As of April 2020, the United States is faced with the early stages of the coronavirus disease 2019 (COVID-19) pandemic. Experts predict up to 60% of the population will become infected with a fatality rate of 1% and a hospitalization rate of approximately 20%. Efforts to suppress viral spread have been unsuccessful as cases are reported in all 50 states, and fatalities are rising. Currently many American hospitals are ill-prepared for a significant increase in their census of critically ill and contagious patients, i.e., hospitals lack adequate surge capacity to safely handle a nationwide outbreak of COVID-19. As seen in other nations such as Italy, China, and Iran, this leads to rationing of life-saving health care and potentially preventable morbidity and mortality.
Hospitals will be unable to provide the current standard of care to patients as the rate of infection with coronavirus disease 2019 (COVID-19) escalates. As of April 9, the World Health Organization has confirmed 1,539,118 cases and 89,998 deaths globally; and the Centers for Disease Control and Prevention has confirmed 435,941 cases and 14,865 deaths in the United States.1,2 Experts predict up to 60% of the population will eventually become infected with a fatality rate of about 1% and a hospitalization rate of approximately 20%.3,4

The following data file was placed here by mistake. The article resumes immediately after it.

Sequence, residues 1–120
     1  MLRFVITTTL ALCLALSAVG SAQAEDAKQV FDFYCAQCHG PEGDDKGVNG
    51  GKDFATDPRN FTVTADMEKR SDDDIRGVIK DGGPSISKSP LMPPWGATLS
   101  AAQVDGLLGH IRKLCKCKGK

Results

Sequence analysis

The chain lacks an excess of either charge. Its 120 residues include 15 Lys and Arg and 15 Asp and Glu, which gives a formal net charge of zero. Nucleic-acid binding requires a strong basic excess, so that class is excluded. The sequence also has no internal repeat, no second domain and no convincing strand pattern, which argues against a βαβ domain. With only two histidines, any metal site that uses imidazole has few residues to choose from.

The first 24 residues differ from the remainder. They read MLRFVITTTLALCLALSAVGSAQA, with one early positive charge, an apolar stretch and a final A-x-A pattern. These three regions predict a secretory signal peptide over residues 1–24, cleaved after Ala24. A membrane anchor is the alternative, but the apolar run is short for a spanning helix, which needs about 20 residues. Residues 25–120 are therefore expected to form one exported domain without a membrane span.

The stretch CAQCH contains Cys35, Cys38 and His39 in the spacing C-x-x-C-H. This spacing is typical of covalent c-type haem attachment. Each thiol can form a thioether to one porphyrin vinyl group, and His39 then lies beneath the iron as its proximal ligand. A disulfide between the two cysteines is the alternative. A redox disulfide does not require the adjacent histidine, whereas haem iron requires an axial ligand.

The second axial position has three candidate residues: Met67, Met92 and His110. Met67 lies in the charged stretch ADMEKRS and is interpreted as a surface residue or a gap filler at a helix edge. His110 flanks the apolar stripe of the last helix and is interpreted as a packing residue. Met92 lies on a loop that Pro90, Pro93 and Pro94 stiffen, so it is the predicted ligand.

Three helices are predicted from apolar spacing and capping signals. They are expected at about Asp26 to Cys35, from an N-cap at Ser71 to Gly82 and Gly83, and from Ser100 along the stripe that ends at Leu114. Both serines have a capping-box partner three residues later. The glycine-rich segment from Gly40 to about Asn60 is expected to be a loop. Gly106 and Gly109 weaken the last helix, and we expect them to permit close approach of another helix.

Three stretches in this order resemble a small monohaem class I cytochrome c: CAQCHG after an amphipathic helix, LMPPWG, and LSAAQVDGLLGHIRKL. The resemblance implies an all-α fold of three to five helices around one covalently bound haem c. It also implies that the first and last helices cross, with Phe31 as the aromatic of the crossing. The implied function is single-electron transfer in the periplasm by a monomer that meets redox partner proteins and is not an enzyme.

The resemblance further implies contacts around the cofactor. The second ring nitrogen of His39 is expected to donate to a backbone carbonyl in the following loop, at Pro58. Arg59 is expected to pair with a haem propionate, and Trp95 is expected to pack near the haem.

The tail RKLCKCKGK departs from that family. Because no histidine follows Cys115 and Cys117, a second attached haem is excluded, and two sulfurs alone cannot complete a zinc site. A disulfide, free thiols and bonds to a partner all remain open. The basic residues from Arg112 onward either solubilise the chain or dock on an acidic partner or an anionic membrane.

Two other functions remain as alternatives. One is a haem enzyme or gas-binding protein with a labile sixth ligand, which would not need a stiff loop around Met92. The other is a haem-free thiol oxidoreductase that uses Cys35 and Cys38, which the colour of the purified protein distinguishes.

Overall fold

In the United States, with a population of 300 million people, this represents up to 180 million infected, 36 million requiring hospitalization, 11 million requiring intensive care, and 2 million fatalities over the duration of the pandemic. On March 13, President Donald Trump declared a state of national emergency, authorizing $50 billion dollars in emergency health care spending as well as asking every hospital in the country to immediately activate its emergency response plan. The use of isolation and quarantine may space out casualties over time, however high rates and volumes of hospitalizations are still expected.4,5
As the influx of patients afflicted with COVID-19 grows, needs will outstrip hospital resources forcing clinicians to ration beds and supplies. In Italy, China, and Iran, physicians are already faced with these difficult decisions. Antonio Pesenti, head of the Italian Lombardy regional crisis response unit, characterized the change in health care delivery: “We’re now being forced to set up intensive care treatment in corridors, in operating theaters, in recovery rooms. We’ve emptied entire hospital sections to make space for seriously sick people.”6
Surge capacity is a hospital’s ability to adequately care for a significant influx of patients.7 Since 2011, the American College of Emergency Physicians has published guidelines calling for hospitals to have a surge capacity accounting for infectious disease outbreaks, and demands on supplies, personnel, and physical space.7 Even prior to the development of COVID-19, many hospitals faced emergency department crowding and strains on hospital capacity.8 The Organization for Economic Co-operation and Development (OECD) estimates hospital beds per 1,000 inhabitants at 2.77 for the USA, 3.18 for Italy, 4.34 for China, and 13.05 for Japan.9 Before COVID-19 many American hospitals had an insufficient number of beds. Now, in the initial phase of the pandemic, it is even more important to optimize surge capacity across the American health care system.